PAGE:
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Sacred wells

Pilgrimages to sacred wells are traditionally part of the celebration of St. Brighid's feast day. Kildare has its own well sacred to Brighid but perhaps the most popular place of pilgrimage is the well at Faughart, the birthplace of Brighid. This well is located in the old cemetery.

Pilgrims recite the rosary as they enter the cemetery. They then walk three times clockwise around the old ash tree by the ruins of the old parish church reciting Our Fathers and Hail Mary's as a caim of protection. The pilgrimage continues to the well where the pilgrims kneel in prayer before walking three times around the well and drinking the water. Along the pilgrim path there are three stones. At the Head Stone pilgrims place their head onto the stone and pray for a cure of any ailment of the head. At the Eye Stone pilgrims bathe their eyes in the water. At the Knee Stone pilgrims kneel in the marks on the stone and pray for a cure.

Sacred wells frequently have small pieces of cloth from clothing tied to bushes close by. There is a natural magic link between the cloth and the person who left it by the well. As the cloth disintegrates in the wind and the rain the petitioner's illnesses are cured. At wells sacred to Brighid it is common to find rosaries, crosses, and medals left as offerings.

 

Manx weather sayings

The Isle of Man lies in the Irish Sea between England, Scotland, Ireland and Wales. The Isle is just 33 miles long and 13 miles wide and was once on an important trade route from Scandinavia, Orkney, the Hebrides to Ireland. The Vikings established a system of government known as “Tynwald” but the Manx language remained Celtic. The sayings below are all Manx:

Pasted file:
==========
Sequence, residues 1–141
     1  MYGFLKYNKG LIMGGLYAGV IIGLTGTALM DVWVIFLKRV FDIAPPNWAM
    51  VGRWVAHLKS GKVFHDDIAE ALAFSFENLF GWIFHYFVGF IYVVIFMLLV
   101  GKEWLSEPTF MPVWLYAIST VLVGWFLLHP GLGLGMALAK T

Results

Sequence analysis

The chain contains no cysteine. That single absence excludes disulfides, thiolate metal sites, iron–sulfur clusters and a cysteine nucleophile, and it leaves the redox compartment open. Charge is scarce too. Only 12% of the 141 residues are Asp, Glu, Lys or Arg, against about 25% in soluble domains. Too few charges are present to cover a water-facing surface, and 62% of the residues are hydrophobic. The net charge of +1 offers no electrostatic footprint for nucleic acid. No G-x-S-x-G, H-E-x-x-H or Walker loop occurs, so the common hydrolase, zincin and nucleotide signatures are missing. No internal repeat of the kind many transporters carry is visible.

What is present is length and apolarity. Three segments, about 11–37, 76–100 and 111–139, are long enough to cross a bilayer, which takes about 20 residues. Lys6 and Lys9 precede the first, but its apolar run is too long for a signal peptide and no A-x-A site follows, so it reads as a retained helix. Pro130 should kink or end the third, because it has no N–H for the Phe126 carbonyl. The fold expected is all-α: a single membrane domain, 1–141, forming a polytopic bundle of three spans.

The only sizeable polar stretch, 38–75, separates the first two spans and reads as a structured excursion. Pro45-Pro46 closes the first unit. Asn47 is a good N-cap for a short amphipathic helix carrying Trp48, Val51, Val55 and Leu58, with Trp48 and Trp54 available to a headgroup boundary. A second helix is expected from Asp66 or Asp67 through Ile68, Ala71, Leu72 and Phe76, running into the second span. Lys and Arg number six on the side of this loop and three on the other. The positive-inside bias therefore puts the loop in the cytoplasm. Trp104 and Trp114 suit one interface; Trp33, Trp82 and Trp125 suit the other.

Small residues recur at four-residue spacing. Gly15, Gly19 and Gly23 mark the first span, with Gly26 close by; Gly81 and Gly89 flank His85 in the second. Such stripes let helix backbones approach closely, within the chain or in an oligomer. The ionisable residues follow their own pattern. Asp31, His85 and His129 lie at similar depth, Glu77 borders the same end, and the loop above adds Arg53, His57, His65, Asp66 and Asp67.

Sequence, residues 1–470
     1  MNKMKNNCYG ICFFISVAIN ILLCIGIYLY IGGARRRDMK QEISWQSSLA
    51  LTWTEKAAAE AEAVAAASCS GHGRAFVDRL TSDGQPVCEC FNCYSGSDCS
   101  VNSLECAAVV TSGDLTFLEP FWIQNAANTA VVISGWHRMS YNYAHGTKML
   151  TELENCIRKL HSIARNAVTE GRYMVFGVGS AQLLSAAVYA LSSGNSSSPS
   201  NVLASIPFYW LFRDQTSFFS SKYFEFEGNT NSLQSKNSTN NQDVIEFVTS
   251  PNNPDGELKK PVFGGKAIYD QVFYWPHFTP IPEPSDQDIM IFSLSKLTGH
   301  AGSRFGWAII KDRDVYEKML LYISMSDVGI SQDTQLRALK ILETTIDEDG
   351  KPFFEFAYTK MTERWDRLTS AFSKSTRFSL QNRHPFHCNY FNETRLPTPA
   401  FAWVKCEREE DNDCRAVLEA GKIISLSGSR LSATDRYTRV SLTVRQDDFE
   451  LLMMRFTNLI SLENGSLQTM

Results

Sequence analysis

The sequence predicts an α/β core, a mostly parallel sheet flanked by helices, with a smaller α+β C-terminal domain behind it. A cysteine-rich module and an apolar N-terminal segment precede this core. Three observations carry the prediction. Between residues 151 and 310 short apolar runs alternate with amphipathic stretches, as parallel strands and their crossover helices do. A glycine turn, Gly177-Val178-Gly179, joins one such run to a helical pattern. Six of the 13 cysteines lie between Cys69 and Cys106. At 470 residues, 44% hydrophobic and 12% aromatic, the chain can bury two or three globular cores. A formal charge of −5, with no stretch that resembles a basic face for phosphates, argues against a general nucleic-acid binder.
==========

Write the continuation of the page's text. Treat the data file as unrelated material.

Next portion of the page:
“Laal' moirrey ny gianle, lieh foddyr as lich aile.”
— At Candlemas you must have half your straw and half your hay.

“Choud as hig y scell-ghreinney stiagh Laa'l Breeshey, hig y sniaghtey my jig laa boayldyn.”
— As long as the sunbeam enters in on St. Bride's day, the snow will come before Beltain.

“Laa'l Breeshey bane, dy choolley yeeig lane, dy ghoo ny dy vane.”
— By Candlemas, fill up every drain, both the black and the white.

“If Candlemas be fair and bright winter will have another flight.
But if it be dark with cloud and rain, winter is gone and will not come again.”

 

Candlemas

In Wales a blessed candle is placed on the window sill as a reminder that this will be the last day that candles are needed to work by. On the Isle of Man a candle is lit by the food and drink that is left for Bride. In Brittany candles are blessed and then kept in the home to be lit whenever anyone is sick or there is a thunderstorm.

The 2nd of February became known as Candlemas. In ancient Rome there was a festival of “Februa” when candles were carried in a procession through the streets and women observed rites of purification. Candlemas is also called The Purification of the Blessed Virgin Mary. Candles are blessed in church and given to the congregation. There are stories relating how Bride, The Foster Mother of Christ, accompanied Mary to her purification.

The 3rd of February is St. Blaise Day. He is the patron saint of those who suffer from ailments of the throat. On this day the priest places crossed candles against the throats of the congregation to preserve them from all sickness in the throat.

 

 


 

 

 

St. Brighid's Well Kildare

St. Brighid's Well, Kildare

 

Brighid wells in Ireland

Myshall, Carlow
Raffony, Cavan
Liscannor, Clare
Faughart, Louth
Kilcornan, Limerick
Kildare, Kildare
Kilree, Kilkenny
Brideswell, Roscommon
Cliffony, Sligo

 

Bride parish IOM

The Parish of Bride lies at the northernmost tip of the Isle of Man and includes an area of some 9 square miles.

The village of Kirk Bride is formed around the church dedicated to St. Bride. This was rebuilt in 1876 on the site of the former church dating from about 1200 ce.

 

St. Bride Window

St. Bride Window IOM

 

St. Blaise

The village of St. Blazey in Cornwall (OS SX069545) is dedicated to St. Blaise. Touching a tooth with a candle blessed in the church was said to cure toothache.



 
 
 
             

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